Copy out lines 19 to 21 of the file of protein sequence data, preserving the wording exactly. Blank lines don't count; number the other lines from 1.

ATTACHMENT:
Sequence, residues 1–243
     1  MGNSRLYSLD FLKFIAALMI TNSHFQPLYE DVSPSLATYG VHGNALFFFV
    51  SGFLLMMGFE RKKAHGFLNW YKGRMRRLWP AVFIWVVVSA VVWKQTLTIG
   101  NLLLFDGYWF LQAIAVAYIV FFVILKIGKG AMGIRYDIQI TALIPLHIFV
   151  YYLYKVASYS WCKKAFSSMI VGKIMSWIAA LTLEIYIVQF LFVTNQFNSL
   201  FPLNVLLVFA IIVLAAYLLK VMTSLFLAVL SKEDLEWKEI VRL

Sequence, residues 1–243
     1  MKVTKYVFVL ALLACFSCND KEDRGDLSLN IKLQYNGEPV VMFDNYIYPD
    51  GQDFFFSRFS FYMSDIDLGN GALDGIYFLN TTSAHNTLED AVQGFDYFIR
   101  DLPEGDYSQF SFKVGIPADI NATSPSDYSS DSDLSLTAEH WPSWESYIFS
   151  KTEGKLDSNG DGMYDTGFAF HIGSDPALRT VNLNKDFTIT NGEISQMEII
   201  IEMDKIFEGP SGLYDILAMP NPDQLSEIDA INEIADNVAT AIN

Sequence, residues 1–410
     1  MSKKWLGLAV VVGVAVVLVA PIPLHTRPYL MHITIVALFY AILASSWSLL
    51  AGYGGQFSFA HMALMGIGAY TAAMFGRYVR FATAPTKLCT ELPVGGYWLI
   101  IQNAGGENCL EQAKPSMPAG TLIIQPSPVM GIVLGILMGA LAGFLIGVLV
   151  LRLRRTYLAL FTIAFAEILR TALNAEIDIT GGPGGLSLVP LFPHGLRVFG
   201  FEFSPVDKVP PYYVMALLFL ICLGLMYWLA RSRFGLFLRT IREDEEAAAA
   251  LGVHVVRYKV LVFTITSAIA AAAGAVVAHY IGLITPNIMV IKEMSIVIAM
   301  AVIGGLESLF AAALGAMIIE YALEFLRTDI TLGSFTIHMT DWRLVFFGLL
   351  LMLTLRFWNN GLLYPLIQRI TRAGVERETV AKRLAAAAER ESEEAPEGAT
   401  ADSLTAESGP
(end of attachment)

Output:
   251  LGVHVVRYKV LVFTITSAIA AAAGAVVAHY IGLITPNIMV IKEMSIVIAM
   301  AVIGGLESLF AAALGAMIIE YALEFLRTDI TLGSFTIHMT DWRLVFFGLL
   351  LMLTLRFWNN GLLYPLIQRI TRAGVERETV AKRLAAAAER ESEEAPEGAT